Today the Conference comes to you in support of Senate Bill 151, which would expand the definition of hate crimes to include hate-related attacks committed against homeless individuals.
Unfortunately, Maryland has reason to seek such legislation – at least three homeless Marylanders have been killed by attackers who targeted them because they had no home. In 1992, a 63-year-old homeless Korean War veteran was found dead in Anne Arundel County. He had been beaten, soaked with beer and urine, kicked down a ravine, covered with trash, and buried in a shallow grave. His attackers called him a “worthless bum” as they carried out these horrifying acts. In 2001, a group of young men decided to “clean up” their South Baltimore neighborhood by “bum stomping” – bludgeoning homeless men to force them out of the area. Two homeless men were killed and several others were seriously injured. When asked why they had done such a thing, one of the attackers answered, “I consider them trash.”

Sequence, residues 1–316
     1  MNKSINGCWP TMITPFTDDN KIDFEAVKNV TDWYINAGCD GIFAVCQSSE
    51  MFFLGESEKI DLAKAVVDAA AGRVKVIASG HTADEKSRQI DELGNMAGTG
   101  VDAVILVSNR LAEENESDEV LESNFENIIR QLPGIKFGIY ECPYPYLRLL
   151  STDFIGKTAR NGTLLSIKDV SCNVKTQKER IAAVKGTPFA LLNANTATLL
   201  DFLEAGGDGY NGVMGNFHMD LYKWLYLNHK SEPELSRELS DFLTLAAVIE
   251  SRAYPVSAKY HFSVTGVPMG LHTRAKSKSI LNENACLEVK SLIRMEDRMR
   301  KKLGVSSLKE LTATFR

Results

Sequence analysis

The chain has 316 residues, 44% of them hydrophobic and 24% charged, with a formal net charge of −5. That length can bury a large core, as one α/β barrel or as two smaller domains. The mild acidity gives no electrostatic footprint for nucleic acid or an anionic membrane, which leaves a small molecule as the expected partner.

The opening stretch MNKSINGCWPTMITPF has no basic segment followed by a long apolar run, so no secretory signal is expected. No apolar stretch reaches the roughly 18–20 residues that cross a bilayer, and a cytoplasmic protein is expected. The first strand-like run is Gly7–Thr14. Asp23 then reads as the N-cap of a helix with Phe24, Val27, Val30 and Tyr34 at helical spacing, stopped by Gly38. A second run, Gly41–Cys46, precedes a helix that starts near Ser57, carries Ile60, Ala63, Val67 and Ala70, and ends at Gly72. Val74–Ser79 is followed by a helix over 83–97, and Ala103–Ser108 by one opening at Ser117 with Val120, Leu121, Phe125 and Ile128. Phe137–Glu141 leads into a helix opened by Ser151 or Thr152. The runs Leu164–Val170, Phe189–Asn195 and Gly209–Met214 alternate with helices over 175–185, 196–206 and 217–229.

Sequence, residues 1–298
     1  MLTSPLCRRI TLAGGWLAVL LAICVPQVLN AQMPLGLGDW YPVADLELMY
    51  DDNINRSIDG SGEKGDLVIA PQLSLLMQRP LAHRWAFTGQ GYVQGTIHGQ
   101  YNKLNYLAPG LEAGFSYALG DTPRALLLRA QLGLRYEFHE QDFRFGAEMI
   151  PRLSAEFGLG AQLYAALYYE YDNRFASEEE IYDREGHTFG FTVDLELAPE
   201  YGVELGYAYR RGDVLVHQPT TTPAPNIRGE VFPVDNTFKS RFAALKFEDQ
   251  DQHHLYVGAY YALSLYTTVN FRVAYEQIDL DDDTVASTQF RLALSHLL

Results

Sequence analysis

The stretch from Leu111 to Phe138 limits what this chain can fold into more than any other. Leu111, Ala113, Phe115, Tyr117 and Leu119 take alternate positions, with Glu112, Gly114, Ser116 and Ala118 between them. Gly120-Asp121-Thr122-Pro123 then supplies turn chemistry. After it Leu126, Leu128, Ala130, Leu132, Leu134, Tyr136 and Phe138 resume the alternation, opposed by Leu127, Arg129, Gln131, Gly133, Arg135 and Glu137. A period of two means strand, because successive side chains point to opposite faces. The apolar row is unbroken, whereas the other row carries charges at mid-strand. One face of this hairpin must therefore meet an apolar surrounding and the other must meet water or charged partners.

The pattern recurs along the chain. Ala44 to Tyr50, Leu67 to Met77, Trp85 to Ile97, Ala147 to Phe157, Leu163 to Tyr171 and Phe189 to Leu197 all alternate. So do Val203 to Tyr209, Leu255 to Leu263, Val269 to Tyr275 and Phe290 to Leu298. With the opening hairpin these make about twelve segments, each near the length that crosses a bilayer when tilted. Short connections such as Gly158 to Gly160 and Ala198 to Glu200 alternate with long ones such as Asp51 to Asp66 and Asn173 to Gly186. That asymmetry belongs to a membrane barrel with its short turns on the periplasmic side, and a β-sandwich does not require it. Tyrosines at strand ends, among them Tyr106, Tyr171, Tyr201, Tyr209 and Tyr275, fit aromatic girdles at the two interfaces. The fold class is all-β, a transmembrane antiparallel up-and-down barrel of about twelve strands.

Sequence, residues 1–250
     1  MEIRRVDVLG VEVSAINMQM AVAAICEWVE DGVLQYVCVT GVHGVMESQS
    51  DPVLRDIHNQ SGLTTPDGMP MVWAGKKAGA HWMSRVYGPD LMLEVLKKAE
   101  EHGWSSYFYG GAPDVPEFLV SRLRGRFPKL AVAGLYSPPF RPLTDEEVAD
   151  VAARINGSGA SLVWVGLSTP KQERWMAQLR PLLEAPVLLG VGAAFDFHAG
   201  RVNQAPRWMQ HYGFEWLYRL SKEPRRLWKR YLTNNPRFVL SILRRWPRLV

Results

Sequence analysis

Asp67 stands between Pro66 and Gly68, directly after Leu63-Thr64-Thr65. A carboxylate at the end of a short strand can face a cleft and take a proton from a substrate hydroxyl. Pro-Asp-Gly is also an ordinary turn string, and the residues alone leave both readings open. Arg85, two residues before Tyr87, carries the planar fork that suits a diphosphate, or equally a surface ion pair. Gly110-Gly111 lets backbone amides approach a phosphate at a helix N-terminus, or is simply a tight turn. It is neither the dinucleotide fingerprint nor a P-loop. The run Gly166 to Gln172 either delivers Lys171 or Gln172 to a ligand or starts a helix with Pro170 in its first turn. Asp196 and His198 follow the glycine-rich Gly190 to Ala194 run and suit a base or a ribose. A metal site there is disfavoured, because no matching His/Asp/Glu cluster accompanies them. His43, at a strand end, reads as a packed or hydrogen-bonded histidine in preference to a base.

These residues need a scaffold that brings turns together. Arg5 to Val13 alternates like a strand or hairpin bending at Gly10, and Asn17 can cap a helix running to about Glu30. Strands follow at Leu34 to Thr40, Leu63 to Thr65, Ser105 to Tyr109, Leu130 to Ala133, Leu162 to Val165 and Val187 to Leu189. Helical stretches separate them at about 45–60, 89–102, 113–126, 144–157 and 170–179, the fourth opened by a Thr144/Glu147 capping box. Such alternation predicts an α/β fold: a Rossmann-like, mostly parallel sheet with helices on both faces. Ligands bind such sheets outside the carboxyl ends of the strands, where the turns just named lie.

While the attackers of these homeless individuals may have called them “worthless bums” and considered them “trash”, the Conference believes otherwise. Ten years ago, in his 1997 Lenten message, Pope John Paul II said, “In the Old Testament, the Torah teaches that strangers and the homeless in general, inasmuch as they are exposed to all sorts of dangers, deserve special concern from the believer.”
Homeless Marylanders also deserve special concern from the State. They deserve the protection that SB 151, and the attention accompanying it, will bring them. Maryland must not treat hate-related attacks on the homeless as unworthy of notice, but must rather raise their visibility by considering them, and prosecuting them, as hate crimes.
The Conference respectfully asks your support for SB 151. Thank you for your consideration.